While some corset makers out there will be familiar with this term, there will be a larger number, especially amoungst the beginners, who haven’t a clue what a ‘Gore’ is. This blog post is for you.
It sounds like some sort of horror film genré but in actual fact it’s a type of corset pattern piece. Yes the ‘bust gore’ or the ‘hip gore’ are just triangular inserts of material that allow you when you make a corset, to add extra curve to the top or bottom. They were used more in the Victorian times when waists were smaller but I have seen a number of modern corset patterns with them in. If you make older corsets or are learning how to make a bodice pattern historically accurate, then it’s worth acquainting yourself with them. They can be made into a design feature or discretely incorporated into the corset design. They’re also fine to use in corset training corset sewing patterns and should not affect the strength of the corset when sewn correctly.
If you’re just starting to learn how to make a corset, I wouldn’t recommend this style of corset design simply because you don’t need the extra difficulty in your first corset sewing pattern. Corset making is complex enough for the beginner without having to work out where your spiral steel boning is going once the seam you’re following forks in two to accomodate a bust gore. I’m not saying corset making is distressingly difficult but easy to follow corset sewing patterns do help somewhat.
Anyway to clarify exactly what a bust gore looks like, heres a close-up of one of my own patterns – the Cupid Corset Pattern, which can be found on the patterns page of this website if you’d like a closer look.
Click image to enlarge
There are several ways of doing this, but my favourite beginners method is the duct tape corset pattern. You need a second person with you, a tight-fitting vest top that you are happy to cut up, scissors and a roll of duct tape. First put the vest top on over a well fitting bra, now have your friend go round and round you with the masking tape till you are covered from waist to bust – basically the area you want your corset swing pattern to cover. Now have them cut you out straight down the middle front or middle back. You can now draw on the 3D form of your body where you want the corset design to come to around the bottom and top, then draw on your pattern lines and where you want your sprung or spiral steel boning. Now cut the pieces out and transfer them to pattern paper!
Make an Elizabethan Corset – Video & Pattern
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This exquisit fully boned Elizabethan corset pattern comes with a 1 hour go2uroom.com how-to Video that will guide you step by step through the making of your own beautiful Elizabethan bodice corset. A stunning pattern with lacing front and back it is designed for sewers who have already previously made their own basic corsets.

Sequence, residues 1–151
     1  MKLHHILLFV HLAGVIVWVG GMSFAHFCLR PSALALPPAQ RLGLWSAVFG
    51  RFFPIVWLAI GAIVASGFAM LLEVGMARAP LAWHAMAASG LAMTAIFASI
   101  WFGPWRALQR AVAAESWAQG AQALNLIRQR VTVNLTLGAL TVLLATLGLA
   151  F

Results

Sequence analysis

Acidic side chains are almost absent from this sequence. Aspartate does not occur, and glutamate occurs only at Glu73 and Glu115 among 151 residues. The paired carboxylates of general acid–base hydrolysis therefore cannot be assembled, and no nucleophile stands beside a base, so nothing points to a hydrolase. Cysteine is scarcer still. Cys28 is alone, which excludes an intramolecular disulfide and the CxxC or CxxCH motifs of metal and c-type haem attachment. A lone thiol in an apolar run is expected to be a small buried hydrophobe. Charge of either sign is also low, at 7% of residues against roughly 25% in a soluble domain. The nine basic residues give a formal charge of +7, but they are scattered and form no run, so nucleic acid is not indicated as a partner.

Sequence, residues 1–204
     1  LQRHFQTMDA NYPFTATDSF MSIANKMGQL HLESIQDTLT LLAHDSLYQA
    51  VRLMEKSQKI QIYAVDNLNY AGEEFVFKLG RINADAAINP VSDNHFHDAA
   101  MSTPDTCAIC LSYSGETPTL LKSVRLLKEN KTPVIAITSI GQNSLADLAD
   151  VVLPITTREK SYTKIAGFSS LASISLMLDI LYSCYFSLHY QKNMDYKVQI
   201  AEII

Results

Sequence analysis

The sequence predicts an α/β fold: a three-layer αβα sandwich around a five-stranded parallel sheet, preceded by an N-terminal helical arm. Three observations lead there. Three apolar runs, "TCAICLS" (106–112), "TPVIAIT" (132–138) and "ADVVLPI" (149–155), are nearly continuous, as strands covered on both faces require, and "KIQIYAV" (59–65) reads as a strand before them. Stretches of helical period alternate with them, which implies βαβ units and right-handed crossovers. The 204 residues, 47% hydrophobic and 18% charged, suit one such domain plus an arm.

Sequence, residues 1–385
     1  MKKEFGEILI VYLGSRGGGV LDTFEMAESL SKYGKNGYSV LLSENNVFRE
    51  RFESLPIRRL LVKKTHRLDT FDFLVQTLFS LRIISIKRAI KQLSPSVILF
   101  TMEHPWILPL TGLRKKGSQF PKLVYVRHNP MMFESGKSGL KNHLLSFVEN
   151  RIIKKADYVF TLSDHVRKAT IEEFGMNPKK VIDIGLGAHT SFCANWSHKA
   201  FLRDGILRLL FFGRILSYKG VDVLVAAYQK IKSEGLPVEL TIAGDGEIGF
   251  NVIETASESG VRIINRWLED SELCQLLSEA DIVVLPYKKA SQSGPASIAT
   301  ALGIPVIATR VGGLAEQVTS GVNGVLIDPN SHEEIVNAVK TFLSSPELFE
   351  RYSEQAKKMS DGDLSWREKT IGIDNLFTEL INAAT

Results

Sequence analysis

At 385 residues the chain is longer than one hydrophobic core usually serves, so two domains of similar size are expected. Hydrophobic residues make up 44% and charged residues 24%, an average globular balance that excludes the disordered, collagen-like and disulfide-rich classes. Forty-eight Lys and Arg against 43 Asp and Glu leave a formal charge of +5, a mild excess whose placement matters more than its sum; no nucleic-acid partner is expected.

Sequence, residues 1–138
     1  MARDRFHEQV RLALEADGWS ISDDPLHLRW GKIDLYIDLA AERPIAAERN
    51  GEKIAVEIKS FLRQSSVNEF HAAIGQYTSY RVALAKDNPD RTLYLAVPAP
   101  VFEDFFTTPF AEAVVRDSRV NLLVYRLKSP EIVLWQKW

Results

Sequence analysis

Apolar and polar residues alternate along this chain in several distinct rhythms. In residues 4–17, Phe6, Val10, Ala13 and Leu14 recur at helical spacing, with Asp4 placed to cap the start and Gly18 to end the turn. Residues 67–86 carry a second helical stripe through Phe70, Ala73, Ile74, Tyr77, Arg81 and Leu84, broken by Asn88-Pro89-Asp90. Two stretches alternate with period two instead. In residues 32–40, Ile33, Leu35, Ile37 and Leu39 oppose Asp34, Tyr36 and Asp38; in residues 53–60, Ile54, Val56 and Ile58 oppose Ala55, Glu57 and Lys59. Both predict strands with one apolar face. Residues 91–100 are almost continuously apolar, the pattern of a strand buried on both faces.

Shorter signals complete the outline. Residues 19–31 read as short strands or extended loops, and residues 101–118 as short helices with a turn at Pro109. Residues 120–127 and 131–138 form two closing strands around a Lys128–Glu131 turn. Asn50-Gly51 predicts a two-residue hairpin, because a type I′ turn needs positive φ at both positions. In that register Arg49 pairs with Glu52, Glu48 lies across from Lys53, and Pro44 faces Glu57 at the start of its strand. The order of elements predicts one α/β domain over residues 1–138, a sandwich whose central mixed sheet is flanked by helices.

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When learning how to make a bodice or corset you will come across a number of corset patterns and knowing how to discern between a good shaped corset or bodice pattern is essential.
In a corset pattern the number of pattern pieces is a great way to tell if a corset is going to hug the body well, 4 pieces is a little low, 5 or more per side will give a good fit. Shape also plays a big part. If the pattern pieces are all very straight in shape the corset will not curve in at the waist enough. They should all look pinched in the middle.
For learning how to make a bodice – bodice pattern pieces will not ‘pinch’ in the middle as the Elizabethan bodice had straight sides. Instead make sure that all the edges of your pattern meet up from top to bottom.
The bodice pattern is taking shape finally. We’re nearly there – yay – I’ve just got the edges to finish off. Like with all my new corset patterns, I couldn’t resist trying it on before it’s finished, just to check the sizing is right of course! So here are some photos so you can see how its looking, the fit is just right and I can’t wait to see how the tabs look once I’ve cut them (they’re all stuck together still to avoid premature fraying) I’ll be carefully cutting them appart and edging them in a few days time. First I need a rest and some retail therapy! I think the sewing machine will appreciate a bit of a rest and some quiet time too! I’ve been filming each stage as I go, this printable corset pattern will have its own video guide and work book as its a specialist bodice pattern. So the filming has been making the whole process take a lot longer. I hate being on film too so my nerves are shot! Click on the pics for bigger versions and a closer look. The red fabric is looking amazing, its my first use of heavy weight material as I always opt for the light cottons with the colourful designs. This bodice pattern may have converted me though! The feel is so much more luxurious and the sheen it has is fantastic.
Learning how to make a corset with fully boned panels has been time consuming but worth it, I love the bone channels and the effect they give.